TURIN -- Stellantis aims to double output of the Fiat New 500, Europe’s top-selling mass-market battery-electric car if it can get enough microchips, CEO Carlos Tavares said.
The New 500’s low retail price for a full-electric car is making it a popular choice, especially for people in Europe’s crowded cities who do not want to splash out on a Tesla. Its retro styling, similar to the gasoline-engine 500, also attracts buyers.
Tavares said Stellantis could easily double or even triple New 500 output but production is constrained by shortages of semiconductors and other parts, not by installed capacity or battery pack availability.
“We can make 90,000 units [this year] and we have an order book to sell them. We are working hard to go to 90,000, but we are not sure we can get there,” Tavares told reporters on Tuesday at the automaker’s Mirafiori factory in Turin, which builds the New 500 and three luxury models for Maserati.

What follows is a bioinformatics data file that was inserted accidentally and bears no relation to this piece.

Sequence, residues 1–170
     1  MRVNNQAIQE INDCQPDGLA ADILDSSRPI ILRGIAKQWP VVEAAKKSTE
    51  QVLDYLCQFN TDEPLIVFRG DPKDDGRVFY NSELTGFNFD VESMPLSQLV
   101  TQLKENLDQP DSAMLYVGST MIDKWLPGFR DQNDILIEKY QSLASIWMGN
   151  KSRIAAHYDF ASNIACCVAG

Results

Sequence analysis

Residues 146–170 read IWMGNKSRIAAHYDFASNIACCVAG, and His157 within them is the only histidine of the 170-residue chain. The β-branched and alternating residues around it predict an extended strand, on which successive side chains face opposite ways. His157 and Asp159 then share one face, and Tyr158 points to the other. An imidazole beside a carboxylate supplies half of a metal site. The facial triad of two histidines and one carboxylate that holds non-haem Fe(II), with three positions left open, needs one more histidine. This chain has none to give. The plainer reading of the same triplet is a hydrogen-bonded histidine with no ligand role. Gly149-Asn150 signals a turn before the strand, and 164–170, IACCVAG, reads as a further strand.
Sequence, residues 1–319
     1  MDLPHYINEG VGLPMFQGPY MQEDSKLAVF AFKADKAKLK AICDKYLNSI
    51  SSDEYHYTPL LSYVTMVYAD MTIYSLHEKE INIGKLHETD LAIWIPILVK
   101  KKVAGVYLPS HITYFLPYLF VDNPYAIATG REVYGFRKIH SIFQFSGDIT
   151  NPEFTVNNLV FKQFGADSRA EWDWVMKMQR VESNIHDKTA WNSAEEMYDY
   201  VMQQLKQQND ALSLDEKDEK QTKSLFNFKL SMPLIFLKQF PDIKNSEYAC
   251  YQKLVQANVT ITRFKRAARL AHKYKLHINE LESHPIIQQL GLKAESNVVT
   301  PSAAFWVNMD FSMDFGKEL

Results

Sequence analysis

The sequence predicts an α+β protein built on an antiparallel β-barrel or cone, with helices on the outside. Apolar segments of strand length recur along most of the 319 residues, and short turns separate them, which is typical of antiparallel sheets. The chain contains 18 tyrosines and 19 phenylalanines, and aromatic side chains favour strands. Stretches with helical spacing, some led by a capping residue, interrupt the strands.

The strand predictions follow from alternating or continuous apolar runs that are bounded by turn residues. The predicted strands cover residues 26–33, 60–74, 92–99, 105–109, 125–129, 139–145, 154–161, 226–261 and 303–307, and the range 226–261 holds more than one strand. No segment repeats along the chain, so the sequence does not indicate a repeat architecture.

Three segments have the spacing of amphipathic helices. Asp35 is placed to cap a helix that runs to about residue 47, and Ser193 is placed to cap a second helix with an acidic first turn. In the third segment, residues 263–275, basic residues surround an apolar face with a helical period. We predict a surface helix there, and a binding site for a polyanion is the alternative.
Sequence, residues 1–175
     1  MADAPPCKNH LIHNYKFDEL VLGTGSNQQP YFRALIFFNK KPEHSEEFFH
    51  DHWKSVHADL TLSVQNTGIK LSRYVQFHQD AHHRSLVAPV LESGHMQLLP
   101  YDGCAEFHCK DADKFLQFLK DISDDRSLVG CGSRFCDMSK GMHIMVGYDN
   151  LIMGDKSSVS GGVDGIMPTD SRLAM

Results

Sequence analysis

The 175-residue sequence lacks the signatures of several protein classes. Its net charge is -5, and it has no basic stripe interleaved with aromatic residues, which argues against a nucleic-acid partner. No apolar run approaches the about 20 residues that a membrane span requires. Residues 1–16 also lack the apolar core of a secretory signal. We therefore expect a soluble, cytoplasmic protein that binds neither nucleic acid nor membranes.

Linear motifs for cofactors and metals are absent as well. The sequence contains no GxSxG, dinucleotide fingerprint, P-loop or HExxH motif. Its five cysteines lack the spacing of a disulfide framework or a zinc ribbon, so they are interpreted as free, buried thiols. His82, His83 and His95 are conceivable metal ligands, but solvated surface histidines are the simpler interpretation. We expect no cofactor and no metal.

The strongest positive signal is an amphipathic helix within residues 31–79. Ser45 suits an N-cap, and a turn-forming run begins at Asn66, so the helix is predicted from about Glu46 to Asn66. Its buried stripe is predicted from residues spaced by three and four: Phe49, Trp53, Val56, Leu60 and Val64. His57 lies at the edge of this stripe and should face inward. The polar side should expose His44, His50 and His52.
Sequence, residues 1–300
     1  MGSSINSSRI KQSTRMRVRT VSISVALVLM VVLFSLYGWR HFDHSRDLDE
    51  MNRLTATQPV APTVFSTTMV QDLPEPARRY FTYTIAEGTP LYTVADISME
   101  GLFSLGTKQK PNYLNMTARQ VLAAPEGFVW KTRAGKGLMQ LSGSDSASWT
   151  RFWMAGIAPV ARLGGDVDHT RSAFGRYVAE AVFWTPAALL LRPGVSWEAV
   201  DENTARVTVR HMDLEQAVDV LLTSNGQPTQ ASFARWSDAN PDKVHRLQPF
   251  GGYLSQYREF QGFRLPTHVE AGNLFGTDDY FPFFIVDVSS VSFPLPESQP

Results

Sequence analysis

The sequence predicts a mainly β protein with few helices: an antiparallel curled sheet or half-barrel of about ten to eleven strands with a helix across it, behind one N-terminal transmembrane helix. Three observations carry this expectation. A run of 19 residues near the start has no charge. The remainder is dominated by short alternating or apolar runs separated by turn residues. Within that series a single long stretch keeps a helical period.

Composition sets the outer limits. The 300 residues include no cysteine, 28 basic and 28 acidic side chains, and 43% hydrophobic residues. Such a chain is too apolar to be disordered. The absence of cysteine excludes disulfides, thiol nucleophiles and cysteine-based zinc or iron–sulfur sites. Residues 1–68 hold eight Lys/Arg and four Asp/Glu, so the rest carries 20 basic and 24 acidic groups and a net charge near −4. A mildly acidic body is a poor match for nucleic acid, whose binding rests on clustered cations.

Tavares said that the sales potential for the New 500 is “enormous” but supply chain bottlenecks remain the biggest hurdle to increasing output.
Stellantis built 46,249 units of the New 500 last year, according to FCA Italy’s annual report. In the first half, the automaker increased production of the EV by 54 percent year-on-year to 38,830, figures from FIM-CISL unions show.
In the first seven months, Fiat sold 37,868 units of the New 500, up 65 percent from January-July 2021, making it the third-best selling full-electric behind the two premium models, the Tesla Model Y and 3, which sold 46,925 and 40,923 units respectively. (See table below)